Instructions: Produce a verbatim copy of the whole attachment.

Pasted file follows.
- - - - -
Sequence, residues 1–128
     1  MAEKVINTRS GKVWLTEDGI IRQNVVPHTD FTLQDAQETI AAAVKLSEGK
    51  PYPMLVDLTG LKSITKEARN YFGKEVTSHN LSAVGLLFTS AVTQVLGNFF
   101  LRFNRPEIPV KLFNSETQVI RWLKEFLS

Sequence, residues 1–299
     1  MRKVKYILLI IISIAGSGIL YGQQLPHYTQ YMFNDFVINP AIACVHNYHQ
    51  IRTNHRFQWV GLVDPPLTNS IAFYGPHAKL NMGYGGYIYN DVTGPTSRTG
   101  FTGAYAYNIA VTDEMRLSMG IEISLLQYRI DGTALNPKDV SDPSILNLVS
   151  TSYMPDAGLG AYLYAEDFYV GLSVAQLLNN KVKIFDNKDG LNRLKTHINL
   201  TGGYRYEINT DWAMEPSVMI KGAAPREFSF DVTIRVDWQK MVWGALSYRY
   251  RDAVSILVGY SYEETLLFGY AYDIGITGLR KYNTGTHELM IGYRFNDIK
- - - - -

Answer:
Sequence, residues 1–128
     1  MAEKVINTRS GKVWLTEDGI IRQNVVPHTD FTLQDAQETI AAAVKLSEGK
    51  PYPMLVDLTG LKSITKEARN YFGKEVTSHN LSAVGLLFTS AVTQVLGNFF
   101  LRFNRPEIPV KLFNSETQVI RWLKEFLS

Sequence, residues 1–299
     1  MRKVKYILLI IISIAGSGIL YGQQLPHYTQ YMFNDFVINP AIACVHNYHQ
    51  IRTNHRFQWV GLVDPPLTNS IAFYGPHAKL NMGYGGYIYN DVTGPTSRTG
   101  FTGAYAYNIA VTDEMRLSMG IEISLLQYRI DGTALNPKDV SDPSILNLVS
   151  TSYMPDAGLG AYLYAEDFYV GLSVAQLLNN KVKIFDNKDG LNRLKTHINL
   201  TGGYRYEINT DWAMEPSVMI KGAAPREFSF DVTIRVDWQK MVWGALSYRY
   251  RDAVSILVGY SYEETLLFGY AYDIGITGLR KYNTGTHELM IGYRFNDIK